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Raising a tenancy deposit ‘more of a cash flow problem than an affordability issue’

Buy-to-let landlords generally recognise the importance of taking a deposit from a tenant and placing it in a government-backed tenancy deposit scheme as protection to ensure that any potential damage or unpaid rent at the end of the tenancy is covered. 

However, raising enough money for a deposit plus move-in costs, such as removals, can be a real challenge for many renters, who usually have to stump up the equivalent of a month or five weeks’ rent as a deposit.

According to research by Hamilton Fraser’s deposit alternative scheme Ome, the average tenant deposit cost now stands at £1,299, which for some renters is manageable, but the issue is the requirement to pay the full sum upfront, leading many to turn to family for a loan. 


But the company claims that other renters are being forced to borrow the money from a lender and stomach the additional interest on top of the deposit itself.

Ome looked at the additional costs of a credit card, personal loan and payday loan and found that the interest ranged between £44 to £2,794 depending on rate and credit score over a year long term.

Co-founder of Ome, Matthew Hooker, commented: “For many tenants, the financial hurdle of a deposit is more of a cash flow problem than an affordability issue and as a result, many are forced to borrow the money in order to secure a rental property.

“This only adds to the financial stress that renting can bring and with rents continuing to climb, not only are tenants paying a large sum to a landlord each month, but also to their lender with the addition of interest.

“This is particularly testing for those with a poor credit score who have no choice but to borrow with some very high interest rates and of course, should they borrow for a longer-term, they will also pay more in interest.”

Given the financial pressure on renters under the existing deposit system, with tenants sometimes having to wait weeks to get their deposit returned or having a battle to get charges or financial deductions removed, and not always successfully as deposit disputes don’t always go their way, there is, perhaps unsurprisingly, growing appetite for deposit-free renting.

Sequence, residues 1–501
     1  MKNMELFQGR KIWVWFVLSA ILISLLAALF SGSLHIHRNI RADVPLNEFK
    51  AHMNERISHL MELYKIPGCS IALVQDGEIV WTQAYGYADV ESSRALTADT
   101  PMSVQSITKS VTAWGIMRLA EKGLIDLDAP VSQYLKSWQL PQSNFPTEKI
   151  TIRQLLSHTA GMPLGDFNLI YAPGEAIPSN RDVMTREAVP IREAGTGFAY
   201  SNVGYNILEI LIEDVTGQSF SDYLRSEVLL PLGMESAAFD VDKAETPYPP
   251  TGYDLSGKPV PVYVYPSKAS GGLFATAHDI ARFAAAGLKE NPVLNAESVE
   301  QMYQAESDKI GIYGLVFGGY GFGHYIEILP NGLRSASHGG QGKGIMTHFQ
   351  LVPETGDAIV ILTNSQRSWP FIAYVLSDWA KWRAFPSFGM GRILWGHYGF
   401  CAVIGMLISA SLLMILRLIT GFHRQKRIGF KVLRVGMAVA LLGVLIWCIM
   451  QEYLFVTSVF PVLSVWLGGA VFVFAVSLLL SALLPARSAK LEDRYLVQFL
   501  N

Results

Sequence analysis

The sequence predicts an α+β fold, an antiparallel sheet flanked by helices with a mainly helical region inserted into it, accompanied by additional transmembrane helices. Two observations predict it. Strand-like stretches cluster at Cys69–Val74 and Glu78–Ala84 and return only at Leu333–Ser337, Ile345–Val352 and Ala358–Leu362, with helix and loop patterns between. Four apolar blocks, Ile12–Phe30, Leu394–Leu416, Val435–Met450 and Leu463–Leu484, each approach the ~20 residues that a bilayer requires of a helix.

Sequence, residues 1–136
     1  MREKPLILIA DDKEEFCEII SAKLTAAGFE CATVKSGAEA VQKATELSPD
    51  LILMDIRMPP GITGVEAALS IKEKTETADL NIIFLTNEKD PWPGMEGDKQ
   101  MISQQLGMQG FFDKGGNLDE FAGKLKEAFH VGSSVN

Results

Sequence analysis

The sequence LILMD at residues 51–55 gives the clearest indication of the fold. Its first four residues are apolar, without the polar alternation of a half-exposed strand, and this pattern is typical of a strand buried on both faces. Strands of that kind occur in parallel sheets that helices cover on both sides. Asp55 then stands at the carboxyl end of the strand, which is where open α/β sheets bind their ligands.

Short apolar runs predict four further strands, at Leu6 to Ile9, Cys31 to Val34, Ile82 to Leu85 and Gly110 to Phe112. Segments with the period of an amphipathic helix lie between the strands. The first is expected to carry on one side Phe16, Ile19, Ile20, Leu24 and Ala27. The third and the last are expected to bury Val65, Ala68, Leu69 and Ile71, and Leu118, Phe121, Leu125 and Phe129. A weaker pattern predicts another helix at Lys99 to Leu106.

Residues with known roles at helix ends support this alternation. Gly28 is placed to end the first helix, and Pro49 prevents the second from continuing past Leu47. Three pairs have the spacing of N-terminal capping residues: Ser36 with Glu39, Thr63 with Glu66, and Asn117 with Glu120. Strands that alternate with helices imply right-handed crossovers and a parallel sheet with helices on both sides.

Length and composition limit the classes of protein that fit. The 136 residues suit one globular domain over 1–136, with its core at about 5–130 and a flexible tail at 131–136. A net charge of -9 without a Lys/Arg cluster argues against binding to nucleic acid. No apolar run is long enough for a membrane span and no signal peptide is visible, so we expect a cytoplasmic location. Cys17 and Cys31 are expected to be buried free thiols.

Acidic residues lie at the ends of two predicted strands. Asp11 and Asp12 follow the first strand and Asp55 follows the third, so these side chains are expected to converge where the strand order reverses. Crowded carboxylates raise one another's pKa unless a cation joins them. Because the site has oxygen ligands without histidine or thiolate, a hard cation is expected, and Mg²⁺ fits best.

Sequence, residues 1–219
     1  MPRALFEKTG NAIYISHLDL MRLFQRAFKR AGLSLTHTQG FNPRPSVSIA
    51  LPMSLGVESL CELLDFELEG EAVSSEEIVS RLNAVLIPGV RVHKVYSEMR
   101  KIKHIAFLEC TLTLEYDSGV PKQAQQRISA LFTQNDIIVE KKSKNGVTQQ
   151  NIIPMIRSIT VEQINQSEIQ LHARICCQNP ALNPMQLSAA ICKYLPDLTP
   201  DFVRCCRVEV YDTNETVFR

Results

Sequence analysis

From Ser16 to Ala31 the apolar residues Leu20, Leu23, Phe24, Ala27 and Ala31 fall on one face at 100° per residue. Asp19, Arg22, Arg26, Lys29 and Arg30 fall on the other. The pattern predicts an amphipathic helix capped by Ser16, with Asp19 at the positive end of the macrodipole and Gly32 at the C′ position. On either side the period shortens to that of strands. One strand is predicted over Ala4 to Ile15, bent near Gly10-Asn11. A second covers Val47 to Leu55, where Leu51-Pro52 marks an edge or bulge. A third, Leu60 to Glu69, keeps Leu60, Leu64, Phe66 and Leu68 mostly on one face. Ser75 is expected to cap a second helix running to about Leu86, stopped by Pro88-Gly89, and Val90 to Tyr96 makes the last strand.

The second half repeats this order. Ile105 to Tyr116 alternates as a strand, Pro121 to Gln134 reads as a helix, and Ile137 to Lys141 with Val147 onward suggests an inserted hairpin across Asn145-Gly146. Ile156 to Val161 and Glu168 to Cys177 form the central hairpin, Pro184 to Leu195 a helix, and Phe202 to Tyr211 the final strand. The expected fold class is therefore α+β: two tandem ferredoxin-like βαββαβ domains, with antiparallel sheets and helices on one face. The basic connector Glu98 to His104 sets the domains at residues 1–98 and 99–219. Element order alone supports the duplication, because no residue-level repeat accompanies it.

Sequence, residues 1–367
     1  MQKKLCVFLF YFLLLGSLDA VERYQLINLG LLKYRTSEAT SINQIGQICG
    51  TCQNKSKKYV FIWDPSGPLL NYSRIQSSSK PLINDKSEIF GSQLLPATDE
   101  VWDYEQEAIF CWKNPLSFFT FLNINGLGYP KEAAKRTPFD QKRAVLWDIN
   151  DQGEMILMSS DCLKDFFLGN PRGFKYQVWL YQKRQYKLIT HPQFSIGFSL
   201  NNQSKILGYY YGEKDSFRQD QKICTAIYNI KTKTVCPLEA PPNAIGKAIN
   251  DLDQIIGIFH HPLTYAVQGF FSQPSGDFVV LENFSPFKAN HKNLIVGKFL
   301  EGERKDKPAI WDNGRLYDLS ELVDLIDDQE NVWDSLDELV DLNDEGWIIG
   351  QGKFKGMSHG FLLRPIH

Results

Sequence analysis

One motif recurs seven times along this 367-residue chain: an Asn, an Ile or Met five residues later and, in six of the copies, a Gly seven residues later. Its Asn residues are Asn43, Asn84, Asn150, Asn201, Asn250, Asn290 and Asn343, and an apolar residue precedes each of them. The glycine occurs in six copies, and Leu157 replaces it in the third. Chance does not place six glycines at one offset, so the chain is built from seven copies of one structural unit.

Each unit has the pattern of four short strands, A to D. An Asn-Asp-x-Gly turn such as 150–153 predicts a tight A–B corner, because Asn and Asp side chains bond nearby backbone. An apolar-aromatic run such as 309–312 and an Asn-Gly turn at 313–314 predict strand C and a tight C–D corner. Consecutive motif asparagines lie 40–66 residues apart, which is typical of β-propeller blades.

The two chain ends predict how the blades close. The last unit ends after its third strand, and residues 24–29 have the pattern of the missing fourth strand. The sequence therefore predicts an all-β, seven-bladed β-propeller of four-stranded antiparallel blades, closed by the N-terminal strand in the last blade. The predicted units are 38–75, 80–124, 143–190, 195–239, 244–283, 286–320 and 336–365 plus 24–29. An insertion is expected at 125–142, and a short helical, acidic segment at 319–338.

Consequently, Hamilton Fraser recently launched of its own in-house deposit alternative brand, Ome. 

The product, which is the latest to be launched by the letting and landlord insurance firm, operates independently but still benefits from the support and entire resources of the Hamilton Fraser Group, including its own adjudication service HF Resolution, which already provides services to many of the existing deposit alternatives.

The Hamilton Fraser Group insist that it will ensure that every tenant and landlord is aware of the pros and cons of deposit protection options, and how both an alternative or traditional deposit scheme might best suit their individual situation. 

Ome, which aims to address a number of market changes, including the introduction of the tenant fee ban and mandatory client money protection, has not been set-up to dissuade anyone from using the traditional format, but it provides landlords with the exact same financial protections that they would receive with a traditional deposit scheme.

Hooker added: “This large upfront obstacle in the way of a tenant deposit is one of the driving reasons we launched Ome in order to address the issue of cash flow for the UK.”

Cost of borrowing average deposit and payback over a year


Average representative rate - interest rate - APR

Amount to borrow (average deposit)

Loan term / period

Monthly cost

Overall cost (with interest) / amount repayable

Interest Paid


Credit card - Low rate



1 year




Average credit card rate

Credit card - Medium rate



1 year




Credit card - High rate



1 year




Payday loan - average rate



1 year




Payday loan rates

Personal loan - low rate (good credit score)



1 year




Personal loan rates

Personal loan - medium rate (average credit score)



1 year




Personal loan - high rate (poor credit score)



1 year




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    I appreciate the deposit can be a problem.
    But why is it a landlord problem !?
    Landlords are blamed for everything it seems !
    If landlords had better protection against damages and unpaid rent and were treated better by government then perhaps things could change.

  • icon

    Surely if a tenant can't find the deposit at the start of the tenancy then they're going to struggle to find the money to cover any damage at the end of the tenancy. This is especially true of the unemployed tenant.

  • icon

    Could not shelter lend them the money, after all they are supposed to be a charity for tenants and the homeless ?

    • 06 January 2020 16:46 PM

    Could Shelter afford the £9 billion in losses that tenants cause LL every year!!!??
    Apparently mostly caused by rent arrears.
    I'm afraid Shelter won't use their resources to fund tenants directly as they know tenants are feckless and would rapidly bankrupt Shelter.
    Far better for greedy LL..............is there any other type!!!!!!??? to suffer the £9 billion of annual losses!


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